By Nick Visser
Originally published on Advocate.com January 25 2012 8:48 PM ET
Today marked the first annual National Gay-Straight Alliance Day, and several of the groups across the country heard from Sen. Al Franken on his anti-discrimination bill's prospects of passing through Congress and bringing change to their schools.
Franken, D-Minnesota, reintroduced the Student Non-Discrimination Act in the Senate late last year, which would make it illegal for schools to discriminate based on sexual orientation. But he said during a conference call today with GSA chapters across the nation that despite 34 co-sponsors, he still needs heavy support for the bill if it's going to reach the 60 senators needed for approval.
“Our laws say nothing about sexual orientation or gender identity,” Franken said during the call. “My bill would fix this. It will ban discrimination in schools based on sexual orientation or gender identity. Believe it or not, that is not illegal right now.”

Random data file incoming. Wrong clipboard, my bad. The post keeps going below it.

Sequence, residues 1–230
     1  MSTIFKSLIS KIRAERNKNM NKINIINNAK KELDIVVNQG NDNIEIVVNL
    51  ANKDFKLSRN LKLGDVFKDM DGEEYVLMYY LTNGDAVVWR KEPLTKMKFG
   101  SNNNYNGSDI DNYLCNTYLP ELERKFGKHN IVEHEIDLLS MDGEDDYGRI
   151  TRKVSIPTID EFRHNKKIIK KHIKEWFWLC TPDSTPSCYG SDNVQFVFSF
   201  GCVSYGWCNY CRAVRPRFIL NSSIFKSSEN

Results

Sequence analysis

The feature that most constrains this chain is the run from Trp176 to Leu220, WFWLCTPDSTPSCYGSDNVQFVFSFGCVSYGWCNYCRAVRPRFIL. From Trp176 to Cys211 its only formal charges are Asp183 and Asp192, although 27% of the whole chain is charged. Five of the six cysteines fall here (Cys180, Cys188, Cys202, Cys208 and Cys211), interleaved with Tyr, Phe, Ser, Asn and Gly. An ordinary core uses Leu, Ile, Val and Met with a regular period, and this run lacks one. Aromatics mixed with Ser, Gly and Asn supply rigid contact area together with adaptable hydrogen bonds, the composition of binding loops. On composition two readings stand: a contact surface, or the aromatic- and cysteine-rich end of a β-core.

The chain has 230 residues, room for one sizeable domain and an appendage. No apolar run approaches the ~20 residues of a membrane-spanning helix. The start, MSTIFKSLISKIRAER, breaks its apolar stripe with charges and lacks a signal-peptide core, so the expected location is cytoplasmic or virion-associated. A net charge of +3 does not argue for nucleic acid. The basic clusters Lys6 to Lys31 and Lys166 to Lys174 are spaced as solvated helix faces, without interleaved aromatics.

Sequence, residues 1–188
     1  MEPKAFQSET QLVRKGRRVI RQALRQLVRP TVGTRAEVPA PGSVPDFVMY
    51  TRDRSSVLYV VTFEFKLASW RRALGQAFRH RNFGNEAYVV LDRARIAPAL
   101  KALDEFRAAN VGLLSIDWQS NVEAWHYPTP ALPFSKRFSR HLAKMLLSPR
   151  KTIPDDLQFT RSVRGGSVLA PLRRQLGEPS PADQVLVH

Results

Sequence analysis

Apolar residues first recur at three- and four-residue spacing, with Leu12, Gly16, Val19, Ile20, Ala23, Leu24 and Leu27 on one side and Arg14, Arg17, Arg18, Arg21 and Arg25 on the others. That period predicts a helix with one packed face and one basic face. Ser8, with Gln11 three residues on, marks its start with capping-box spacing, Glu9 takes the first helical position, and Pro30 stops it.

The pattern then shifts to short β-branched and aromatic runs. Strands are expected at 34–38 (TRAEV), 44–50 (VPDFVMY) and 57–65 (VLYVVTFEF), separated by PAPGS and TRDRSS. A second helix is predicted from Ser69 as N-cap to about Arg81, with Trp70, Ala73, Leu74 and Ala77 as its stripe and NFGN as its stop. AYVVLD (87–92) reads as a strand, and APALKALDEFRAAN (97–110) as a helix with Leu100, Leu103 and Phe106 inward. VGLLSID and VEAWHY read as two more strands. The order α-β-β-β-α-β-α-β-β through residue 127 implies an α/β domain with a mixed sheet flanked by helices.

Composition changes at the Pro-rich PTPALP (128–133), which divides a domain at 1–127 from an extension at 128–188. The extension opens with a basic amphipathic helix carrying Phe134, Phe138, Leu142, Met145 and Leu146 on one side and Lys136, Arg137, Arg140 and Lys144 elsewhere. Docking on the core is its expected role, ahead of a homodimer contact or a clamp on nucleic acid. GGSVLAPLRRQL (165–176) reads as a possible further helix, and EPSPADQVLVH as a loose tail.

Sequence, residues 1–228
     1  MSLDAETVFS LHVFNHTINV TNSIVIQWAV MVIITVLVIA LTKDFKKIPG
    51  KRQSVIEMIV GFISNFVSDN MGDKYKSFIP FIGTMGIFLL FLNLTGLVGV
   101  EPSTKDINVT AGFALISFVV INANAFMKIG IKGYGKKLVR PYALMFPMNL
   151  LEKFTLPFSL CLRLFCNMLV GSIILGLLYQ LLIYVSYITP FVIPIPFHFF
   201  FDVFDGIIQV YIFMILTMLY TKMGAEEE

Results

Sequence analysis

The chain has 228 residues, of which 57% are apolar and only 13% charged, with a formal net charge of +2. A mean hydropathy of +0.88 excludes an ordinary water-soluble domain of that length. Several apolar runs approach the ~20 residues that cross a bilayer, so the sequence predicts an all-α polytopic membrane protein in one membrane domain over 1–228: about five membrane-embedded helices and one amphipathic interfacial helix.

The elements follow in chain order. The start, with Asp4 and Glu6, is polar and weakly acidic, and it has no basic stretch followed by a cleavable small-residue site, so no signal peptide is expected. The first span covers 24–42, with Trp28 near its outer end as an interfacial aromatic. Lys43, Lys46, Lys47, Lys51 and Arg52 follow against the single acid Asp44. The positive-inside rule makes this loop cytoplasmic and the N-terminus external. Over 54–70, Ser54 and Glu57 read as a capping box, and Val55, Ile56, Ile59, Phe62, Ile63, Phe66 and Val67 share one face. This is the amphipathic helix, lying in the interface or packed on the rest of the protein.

National GSA Day celebrates groups nationwide seeking to end bullying based on sexual orientation or gender identity. Franken spoke of the strides GSAs have made but said there’s still work to be done to ensure federal protection for LGBT students.
The GSA Network provides support within schools for LGBT students and is currently in 35 states across the nation with more than 870 chapters in California alone.
"National GSA Day is a time to celebrate the contributions made by Gay Straight Alliance clubs all over the country," said Franken in a statement sent to The Advocate. "GSA clubs make schools safer and provide a supportive community for LGBT students, who are bullied far more frequently than other students
Secretary of Education Arne Duncan released a video celebrating the day and praised the work of GSAs, calling harassment and bullying "serious, serious problems."
"We have to dispel the myth that bullying is somehow just a normal rite of passage or an inevitable part of growing up," he said, noting that President Obama shares his feelings on the issue of safety in schools.
Watch Duncan's message and Franken’s message about the act below.